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It’s a devastating story, based on the author’s own experiences of life in the trenches. A brave young group of officers face the tragedy and terror of the Great War with courage and humour.
The play is brilliantly executed thanks to the powerful vision of director David Grindley; he draws on the smallest subtleties and nuances in the script to create an intense piece of drama. It helps that the all male cast are faultless, presenting themselves with such conviction that it is painfully moving from start to finish.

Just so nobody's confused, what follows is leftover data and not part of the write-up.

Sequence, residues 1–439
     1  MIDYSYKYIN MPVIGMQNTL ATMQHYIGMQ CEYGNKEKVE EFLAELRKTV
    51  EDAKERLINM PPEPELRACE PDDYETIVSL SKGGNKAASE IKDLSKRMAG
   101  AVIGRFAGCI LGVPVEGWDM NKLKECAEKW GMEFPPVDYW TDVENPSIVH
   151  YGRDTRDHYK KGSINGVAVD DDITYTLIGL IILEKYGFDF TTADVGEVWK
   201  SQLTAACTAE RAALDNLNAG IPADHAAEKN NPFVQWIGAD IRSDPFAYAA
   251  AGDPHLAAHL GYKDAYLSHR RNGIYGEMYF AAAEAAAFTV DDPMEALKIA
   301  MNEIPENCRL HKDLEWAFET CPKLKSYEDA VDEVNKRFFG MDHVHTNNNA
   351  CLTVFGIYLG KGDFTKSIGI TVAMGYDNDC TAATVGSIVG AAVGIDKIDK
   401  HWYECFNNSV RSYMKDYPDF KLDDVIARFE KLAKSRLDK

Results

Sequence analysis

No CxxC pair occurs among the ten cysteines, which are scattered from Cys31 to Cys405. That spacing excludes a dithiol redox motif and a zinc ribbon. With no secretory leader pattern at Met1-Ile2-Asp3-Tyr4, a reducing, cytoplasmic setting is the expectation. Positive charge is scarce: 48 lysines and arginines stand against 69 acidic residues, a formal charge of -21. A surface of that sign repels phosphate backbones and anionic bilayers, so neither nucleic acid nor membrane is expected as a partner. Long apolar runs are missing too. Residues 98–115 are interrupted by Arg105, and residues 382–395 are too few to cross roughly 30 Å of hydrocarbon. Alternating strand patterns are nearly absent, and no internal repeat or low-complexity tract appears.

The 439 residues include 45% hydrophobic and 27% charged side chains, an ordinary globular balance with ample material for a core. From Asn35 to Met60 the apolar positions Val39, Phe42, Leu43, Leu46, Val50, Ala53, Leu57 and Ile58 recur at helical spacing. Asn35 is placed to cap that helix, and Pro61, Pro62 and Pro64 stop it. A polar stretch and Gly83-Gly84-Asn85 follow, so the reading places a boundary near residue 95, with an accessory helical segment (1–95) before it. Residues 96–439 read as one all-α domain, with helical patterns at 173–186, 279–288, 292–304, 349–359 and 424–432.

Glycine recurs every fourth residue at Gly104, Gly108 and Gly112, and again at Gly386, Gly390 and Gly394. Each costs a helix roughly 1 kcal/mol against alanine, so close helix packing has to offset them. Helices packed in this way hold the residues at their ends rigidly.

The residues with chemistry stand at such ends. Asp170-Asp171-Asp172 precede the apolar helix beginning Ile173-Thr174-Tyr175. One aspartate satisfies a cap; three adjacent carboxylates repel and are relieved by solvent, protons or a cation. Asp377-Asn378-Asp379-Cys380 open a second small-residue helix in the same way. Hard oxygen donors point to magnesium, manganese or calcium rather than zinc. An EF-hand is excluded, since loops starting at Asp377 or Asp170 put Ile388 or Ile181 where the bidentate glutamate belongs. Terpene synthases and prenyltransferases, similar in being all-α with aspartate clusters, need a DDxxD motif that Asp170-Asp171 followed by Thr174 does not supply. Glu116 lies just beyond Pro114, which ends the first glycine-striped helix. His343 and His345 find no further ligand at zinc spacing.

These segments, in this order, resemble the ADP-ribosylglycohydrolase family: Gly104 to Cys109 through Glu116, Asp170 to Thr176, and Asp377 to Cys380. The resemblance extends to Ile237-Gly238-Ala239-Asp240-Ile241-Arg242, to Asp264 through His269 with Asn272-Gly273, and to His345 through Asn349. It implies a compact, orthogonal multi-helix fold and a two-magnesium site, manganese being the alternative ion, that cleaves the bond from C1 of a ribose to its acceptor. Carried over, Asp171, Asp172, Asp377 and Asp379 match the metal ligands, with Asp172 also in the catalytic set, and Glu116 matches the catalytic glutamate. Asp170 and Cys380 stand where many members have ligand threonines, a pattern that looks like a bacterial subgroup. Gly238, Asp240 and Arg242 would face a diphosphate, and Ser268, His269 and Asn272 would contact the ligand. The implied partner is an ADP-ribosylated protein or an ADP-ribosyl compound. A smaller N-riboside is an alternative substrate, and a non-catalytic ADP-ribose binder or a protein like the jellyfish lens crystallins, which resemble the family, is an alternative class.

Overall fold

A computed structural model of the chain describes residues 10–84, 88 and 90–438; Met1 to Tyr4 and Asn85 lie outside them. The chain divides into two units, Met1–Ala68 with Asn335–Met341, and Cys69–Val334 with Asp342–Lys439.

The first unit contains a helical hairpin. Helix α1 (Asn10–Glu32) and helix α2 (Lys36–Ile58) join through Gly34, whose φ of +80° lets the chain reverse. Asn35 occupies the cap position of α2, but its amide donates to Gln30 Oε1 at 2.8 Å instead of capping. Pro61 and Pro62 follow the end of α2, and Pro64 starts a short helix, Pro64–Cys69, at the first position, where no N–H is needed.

Graham Butler is exquisite as the young hero worshipper, Raleigh. He is the newest and youngest addition to the company arriving with an insatiable energy. His commanding officer Captain Stanhope is quite the opposite, despite only being three years older, he is bitter and hardened by his time at war. James Norton gives a mesmerising performance as the bullying Stanhope.
Designer Jonathan Fensom has created a simple but effective set that really draws you into the action. Only using half the height of the stage, it is a claustrophobic dirty trench, equipped with only the meagre necessities. Despite being written in the 1920s, Sheriff’s account of the First World War experience remains a profound, touching and undated memoir.
Journey’s End at the Duke of York’s theatre until 3 Sep 2011. Book tickets